To prove that only continuous distribution that is memoryless is exponential

Discussion in 'Scientific Statistics Math' started by beihai, Jan 9, 2004.

  1. beihai

    beihai Guest

    I am looking at a Cambrdige series textbook.

    Its proof is something like this:

    Suppose random variable T has the memoryless property.

    Let g(t)=P{T>t}

    The memoryless property can be written as g(s+t)=g(s)g(t) for all s, t
    We assume T>0 and that g(1/n)>0 for some n. Then by induction,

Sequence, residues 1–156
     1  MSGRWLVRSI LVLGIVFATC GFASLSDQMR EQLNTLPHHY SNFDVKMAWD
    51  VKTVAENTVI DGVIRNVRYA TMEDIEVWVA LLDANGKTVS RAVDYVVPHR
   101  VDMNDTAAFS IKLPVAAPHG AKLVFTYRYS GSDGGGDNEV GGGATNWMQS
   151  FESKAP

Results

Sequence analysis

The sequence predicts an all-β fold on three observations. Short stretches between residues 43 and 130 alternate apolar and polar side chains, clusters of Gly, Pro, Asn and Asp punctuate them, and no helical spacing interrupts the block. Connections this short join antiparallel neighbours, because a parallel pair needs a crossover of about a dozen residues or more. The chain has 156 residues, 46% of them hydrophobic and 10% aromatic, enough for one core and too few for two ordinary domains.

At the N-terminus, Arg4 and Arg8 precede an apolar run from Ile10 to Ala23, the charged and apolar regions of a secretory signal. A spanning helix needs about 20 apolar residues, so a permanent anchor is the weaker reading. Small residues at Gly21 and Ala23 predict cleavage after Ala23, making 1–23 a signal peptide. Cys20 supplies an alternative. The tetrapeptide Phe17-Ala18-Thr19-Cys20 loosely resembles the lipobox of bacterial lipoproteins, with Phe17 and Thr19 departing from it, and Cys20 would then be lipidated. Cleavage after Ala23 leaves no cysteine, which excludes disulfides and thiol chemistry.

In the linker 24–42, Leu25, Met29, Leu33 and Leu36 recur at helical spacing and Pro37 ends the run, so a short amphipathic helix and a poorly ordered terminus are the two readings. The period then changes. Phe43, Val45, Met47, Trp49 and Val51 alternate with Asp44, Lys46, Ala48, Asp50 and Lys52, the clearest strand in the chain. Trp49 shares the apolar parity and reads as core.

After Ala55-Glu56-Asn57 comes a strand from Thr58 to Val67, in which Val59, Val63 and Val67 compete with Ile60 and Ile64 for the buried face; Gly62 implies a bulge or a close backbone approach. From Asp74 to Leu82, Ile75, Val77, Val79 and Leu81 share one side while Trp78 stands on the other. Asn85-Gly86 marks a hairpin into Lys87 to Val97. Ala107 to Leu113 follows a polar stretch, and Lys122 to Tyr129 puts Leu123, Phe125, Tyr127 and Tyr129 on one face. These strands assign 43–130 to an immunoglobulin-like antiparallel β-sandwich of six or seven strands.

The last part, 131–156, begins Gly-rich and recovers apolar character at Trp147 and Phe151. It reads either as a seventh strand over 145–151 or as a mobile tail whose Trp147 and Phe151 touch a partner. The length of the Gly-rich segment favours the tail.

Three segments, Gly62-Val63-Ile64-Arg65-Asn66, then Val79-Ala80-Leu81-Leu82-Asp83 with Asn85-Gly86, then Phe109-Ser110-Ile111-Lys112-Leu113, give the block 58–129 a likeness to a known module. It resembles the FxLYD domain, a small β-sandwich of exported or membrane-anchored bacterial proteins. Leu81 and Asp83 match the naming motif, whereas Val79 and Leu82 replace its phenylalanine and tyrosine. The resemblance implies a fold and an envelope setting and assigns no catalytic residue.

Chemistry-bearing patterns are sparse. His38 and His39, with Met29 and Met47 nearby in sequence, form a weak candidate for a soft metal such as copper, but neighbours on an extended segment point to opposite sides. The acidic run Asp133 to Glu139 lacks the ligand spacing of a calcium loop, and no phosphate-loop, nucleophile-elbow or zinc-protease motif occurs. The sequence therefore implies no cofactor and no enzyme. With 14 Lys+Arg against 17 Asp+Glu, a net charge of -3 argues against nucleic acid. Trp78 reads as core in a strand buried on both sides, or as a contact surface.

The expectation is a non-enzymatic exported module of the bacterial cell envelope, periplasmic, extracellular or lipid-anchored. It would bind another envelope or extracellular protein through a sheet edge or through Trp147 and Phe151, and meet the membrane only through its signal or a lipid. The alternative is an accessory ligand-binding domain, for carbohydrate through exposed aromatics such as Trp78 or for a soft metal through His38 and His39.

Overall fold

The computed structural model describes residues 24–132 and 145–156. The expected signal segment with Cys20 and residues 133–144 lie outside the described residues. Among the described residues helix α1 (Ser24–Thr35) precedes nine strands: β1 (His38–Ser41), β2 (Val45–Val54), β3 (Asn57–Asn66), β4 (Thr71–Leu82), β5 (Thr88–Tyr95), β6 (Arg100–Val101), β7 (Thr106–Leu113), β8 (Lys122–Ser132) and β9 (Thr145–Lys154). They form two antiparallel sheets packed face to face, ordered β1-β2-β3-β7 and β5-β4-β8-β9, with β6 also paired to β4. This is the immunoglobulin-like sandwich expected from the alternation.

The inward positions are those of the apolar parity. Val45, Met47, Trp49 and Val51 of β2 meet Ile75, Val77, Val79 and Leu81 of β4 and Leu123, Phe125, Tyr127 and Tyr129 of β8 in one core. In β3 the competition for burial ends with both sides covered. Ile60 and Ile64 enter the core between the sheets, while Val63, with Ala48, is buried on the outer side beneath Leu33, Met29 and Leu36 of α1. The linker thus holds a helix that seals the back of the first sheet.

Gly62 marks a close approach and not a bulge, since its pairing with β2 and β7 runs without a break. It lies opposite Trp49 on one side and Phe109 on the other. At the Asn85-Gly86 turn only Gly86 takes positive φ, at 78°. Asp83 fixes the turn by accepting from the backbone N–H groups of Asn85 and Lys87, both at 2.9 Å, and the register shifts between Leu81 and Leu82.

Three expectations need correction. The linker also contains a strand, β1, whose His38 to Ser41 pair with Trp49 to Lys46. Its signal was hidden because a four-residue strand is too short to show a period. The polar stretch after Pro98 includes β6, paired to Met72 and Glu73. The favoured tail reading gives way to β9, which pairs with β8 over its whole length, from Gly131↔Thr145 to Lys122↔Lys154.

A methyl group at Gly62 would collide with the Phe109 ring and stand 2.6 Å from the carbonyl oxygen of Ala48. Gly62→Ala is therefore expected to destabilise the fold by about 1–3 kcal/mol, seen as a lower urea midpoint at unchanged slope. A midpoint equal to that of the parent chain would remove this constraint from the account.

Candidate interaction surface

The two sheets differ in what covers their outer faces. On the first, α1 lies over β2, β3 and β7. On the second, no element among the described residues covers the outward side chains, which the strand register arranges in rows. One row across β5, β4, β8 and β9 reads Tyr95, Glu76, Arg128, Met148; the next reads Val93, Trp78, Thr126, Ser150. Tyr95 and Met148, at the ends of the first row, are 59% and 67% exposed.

g(1)=g(1/n + 1/n ... + 1/n)= [g(1/n)]^n > 0

    so g(1) = exp(-lambda) for some 0 <= lambda < infinity

    Q) May I ask how come g(1) = exp(-lambda)? Thanks for helping.

    beihai, Jan 9, 2004
    1. Advertisements

Ask a Question

Want to reply to this thread or ask your own question?

You'll need to choose a username for the site, which only take a couple of moments (here). After that, you can post your question and our members will help you out.